Only Stephen Gardner remained in politics after resigning as Trustee. He was appointed as a State Delegate of the Republican State Convention in 1876. Reconstruction marked a brief moment where the Federal Government was committed to interracial democracy and civil rights for all men. Unfortunately, in 1876, Reconstruction failed and the rise of the Jim Crow era began.
In 1875, The Greenbrier Independent made a report on civil rights in Lewisburg. The article stated that the Black population “are orderly and quiet, and behave themselves in a becoming manner…The exception applies, principally, to those who are stragglers from their old homes and who would be worthless, lazy, thievish and good-for-nothings…There are numbers, however, who are old residenters, who respect themselves, are industrious and laborious and who know and feel their true position.” Despite the claim that its Black citizens know their subservient place in the social hierarchy, the Black community continued to advocate for their political rights and equality. Two years later, the paper took note of a meeting of the Black voters of Lewisburg.
The City Council remained out of reach until 1970, exactly one hundred years later, when Paul Cooley was elected. Cooley was the first Black Lewisburg City Council Member since Holmes, Davis, and Gardner.
 J. R. Cole, History of Greenbrier County, (Lewisburg, WV: J. R. Cole, 1917), 16; Minutes of the Board of Trustees of the Town of Lewisburg, 1849 to 1871, Greenbrier Historical Society, Lewisburg, West Virginia, 221-265.
 “A Card,” The Greenbrier Independent, August 29, 1868.
 Minutes of the Board of Trustees of the Town of Lewisburg, 1849 to 1871, Greenbrier Historical Society, Lewisburg, West Virginia, 249.
 “A Flash in the Pan,” The Greenbrier Independent, April 30, 1870.
 “Colored Meetings, The Greenbrier Independent, April 23, 1870.
 Minutes of the Board of Trustees of the Town of Lewisburg, 1849 to 1871, Greenbrier Historical Society, Lewisburg, West Virginia, 255.
 Registry of Free People of Color: Greenbrier Co., (West) Virginia, 1846-1864, (Lewisburg, WV: Greenbrier County Historical Society, 2006).
 1870 U.S. Census, Greenbrier County, West Virginia, population schedule, Lewisburg, p.15, dwelling 94, Fabian Holmes, digital image, http://ancestry.com.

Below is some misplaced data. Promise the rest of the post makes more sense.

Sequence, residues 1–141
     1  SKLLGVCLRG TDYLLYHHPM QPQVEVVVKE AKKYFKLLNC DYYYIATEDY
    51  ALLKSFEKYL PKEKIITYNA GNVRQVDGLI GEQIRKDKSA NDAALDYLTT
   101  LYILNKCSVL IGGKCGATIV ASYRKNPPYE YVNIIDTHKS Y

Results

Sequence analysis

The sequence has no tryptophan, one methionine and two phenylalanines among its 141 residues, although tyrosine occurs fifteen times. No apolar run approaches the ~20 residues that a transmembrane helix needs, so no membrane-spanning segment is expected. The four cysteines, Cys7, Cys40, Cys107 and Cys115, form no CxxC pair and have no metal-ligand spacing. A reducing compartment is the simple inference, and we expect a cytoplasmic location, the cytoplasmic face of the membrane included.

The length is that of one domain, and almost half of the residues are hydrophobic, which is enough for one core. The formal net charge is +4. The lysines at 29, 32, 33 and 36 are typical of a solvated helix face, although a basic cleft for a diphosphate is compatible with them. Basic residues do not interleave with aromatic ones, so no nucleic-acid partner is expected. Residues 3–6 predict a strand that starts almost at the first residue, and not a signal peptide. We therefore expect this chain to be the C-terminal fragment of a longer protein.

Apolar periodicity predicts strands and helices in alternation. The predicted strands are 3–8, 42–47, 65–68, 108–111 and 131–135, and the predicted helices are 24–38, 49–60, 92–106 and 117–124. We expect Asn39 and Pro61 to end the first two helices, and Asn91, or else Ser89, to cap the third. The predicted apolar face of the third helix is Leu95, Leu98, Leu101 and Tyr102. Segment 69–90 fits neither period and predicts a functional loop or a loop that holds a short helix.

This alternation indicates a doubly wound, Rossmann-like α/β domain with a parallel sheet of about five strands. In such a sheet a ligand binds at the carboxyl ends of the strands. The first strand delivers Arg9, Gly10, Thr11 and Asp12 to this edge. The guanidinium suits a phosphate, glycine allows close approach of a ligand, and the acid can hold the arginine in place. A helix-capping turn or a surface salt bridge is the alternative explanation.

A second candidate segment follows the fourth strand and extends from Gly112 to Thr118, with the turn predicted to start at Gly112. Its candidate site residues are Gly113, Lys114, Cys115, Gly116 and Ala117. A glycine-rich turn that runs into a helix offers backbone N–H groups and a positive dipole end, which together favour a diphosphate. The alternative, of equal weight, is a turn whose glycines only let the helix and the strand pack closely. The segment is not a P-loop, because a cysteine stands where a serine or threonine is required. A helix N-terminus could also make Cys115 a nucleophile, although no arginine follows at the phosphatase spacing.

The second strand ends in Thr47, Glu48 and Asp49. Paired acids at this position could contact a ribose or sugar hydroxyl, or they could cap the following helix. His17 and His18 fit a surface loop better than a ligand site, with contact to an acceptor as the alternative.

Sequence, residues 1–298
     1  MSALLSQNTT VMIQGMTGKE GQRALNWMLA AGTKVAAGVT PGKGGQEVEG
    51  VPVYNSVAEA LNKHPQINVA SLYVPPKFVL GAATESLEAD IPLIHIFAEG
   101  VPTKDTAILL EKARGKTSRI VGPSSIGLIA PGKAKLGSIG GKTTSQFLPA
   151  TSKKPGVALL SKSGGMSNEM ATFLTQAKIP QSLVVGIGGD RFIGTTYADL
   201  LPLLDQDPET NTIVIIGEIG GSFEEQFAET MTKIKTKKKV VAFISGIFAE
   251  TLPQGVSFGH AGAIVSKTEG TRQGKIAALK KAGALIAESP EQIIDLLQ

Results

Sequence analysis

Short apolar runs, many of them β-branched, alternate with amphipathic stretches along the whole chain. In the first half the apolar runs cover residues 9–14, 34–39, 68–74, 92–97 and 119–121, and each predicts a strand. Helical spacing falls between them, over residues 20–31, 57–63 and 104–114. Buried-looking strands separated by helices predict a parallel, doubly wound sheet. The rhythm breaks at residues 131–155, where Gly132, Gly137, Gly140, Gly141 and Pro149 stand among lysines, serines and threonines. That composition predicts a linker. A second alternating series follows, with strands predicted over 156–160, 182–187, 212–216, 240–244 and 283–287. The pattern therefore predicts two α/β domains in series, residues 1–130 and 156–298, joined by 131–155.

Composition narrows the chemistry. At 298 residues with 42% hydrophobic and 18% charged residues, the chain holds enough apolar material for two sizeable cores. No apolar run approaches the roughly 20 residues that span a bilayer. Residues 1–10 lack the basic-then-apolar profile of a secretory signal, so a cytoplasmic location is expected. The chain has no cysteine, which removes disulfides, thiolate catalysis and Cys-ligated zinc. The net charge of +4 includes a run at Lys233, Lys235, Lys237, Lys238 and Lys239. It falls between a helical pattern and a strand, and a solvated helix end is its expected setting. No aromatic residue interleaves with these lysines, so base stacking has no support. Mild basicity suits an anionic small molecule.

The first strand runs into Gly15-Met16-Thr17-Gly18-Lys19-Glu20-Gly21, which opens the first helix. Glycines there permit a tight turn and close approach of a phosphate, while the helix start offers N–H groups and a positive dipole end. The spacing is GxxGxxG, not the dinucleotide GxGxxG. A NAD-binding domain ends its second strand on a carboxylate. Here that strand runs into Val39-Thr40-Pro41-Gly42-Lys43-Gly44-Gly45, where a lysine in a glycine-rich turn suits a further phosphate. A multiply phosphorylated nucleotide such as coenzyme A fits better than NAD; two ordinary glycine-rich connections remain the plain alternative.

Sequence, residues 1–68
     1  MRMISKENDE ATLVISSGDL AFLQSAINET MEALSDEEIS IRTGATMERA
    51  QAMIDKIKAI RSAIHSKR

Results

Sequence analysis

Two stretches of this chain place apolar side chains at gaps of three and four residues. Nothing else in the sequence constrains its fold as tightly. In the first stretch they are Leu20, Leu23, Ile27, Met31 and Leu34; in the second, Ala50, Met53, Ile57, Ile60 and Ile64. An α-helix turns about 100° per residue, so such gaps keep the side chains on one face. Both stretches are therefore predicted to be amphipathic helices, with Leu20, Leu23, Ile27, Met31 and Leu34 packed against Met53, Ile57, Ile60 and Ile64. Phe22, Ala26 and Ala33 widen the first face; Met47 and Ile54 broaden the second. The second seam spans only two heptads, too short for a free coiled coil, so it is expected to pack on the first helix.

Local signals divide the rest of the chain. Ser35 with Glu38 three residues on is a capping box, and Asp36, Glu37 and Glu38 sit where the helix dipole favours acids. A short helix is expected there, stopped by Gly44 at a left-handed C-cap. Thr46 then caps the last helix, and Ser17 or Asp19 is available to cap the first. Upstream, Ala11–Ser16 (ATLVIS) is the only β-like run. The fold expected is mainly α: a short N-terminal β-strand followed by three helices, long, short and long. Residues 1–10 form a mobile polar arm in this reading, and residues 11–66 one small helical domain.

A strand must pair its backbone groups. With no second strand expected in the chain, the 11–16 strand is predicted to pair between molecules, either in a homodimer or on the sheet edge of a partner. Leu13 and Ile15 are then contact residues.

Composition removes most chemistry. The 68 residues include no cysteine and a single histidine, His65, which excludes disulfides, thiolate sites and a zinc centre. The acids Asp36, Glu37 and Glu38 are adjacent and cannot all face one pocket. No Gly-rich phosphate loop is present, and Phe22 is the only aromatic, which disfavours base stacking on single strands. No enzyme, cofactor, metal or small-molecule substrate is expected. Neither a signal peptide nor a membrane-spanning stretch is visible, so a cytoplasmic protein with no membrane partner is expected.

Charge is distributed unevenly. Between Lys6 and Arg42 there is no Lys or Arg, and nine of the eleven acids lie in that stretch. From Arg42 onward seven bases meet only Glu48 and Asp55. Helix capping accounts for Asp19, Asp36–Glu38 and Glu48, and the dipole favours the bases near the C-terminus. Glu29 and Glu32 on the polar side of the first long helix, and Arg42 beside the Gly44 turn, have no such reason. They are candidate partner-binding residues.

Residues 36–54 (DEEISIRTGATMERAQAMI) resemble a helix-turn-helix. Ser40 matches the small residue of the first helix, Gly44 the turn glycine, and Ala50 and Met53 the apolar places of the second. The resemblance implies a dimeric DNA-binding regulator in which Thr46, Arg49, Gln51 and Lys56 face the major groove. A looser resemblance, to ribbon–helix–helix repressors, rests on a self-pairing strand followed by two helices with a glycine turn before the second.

1870 U.S. Census, Greenbrier County, West Virginia, population schedule, Lewisburg, p.19, dwelling 119, Pordan Davis, digital image, http://ancestry.com.
 1870 U.S. Census, Greenbrier County, West Virginia, population schedule, Lewisburg, p.18, dwelling 120, Stephen Gardner, digital image, http://ancestry.com.
 Edith E. Perkins Matthews, Perkins and Early Related Families African Americans: Part 1, (Edith E. Perkins, 1995), 71.
 “What They Have Done,” The Greenbrier Independent, June 11, 1870
 “Town Elections,” The Greenbrier Independent, June 11, 1870.
 “Old Joe Not Mayor,” The Greenbrier Independent, July 30, 1870.
 “J. F. Caldwell Arrested,” The Greenbrier Independent, August 13, 1870.
 “Resisting the Law,” The Greenbrier Independent, August 13, 1870.
 “The Radicals in Council—the Negroes and Bitter-Enders Rule—Outsiders Excluded—The Ku-Klux Out-Done,” The Greenbrier Independent, June 18, 1870.
 The Greenbrier Independent, September 10, 1870.
 “Then and Now,” The Greenbrier Independent, August 30, 1870.
 “A Special Election for Lewisburg,” The Greenbrier Independent, January 28, 1871.
 “To Joseph F. Caldwell,” The Greenbrier Independent, February 4, 1871; “J F. Caldwell’s Exhibits,” The Greenbrier Independent, February 25, 1871.
 “A Practical Question,” The Greenbrier Independent, March 4, 1871.
 “Another Muddle!” The Greenbrier Independent, March 4, 1871.
 The Greenbrier Independent, June 24, 1876.
 “Civil Rights in Lewisburg,” The Greenbrier Independent, March 13, 1875
 “Capital Meeting,” The Greenbrier Independent, July 21, 1877.
One of the earliest mentions of the Shanghai Parade in newspapers is found in an 1896 article from the Greenbrier Independent. It is evident that the Shanghai Parade was already in existence for several years by 1896, as the article describes it as “the annual parade.” This timeframe is further backed up by interviews with community members taken during the 1930’s. One such interview was conducted with local historian, Marcellus Zimmerman, shortly before his death in 1937. In the interview, Zimmerman says that he remembers the parade happening “his whole life.” Other community members interviewed during the 1930’s by Dr. Graybill agreed that the parade was in existence for most of their lives. These interviews, combined with early newspaper mentions, suggest that the parade began in the mid to late 19th century. Despite the longevity of the parade, it has not operated every year. The parade has paused for bad weather, war, and even lack of interest. One of the longest cessations of the parade was the twelve years it was suspended between 1963 and 1976.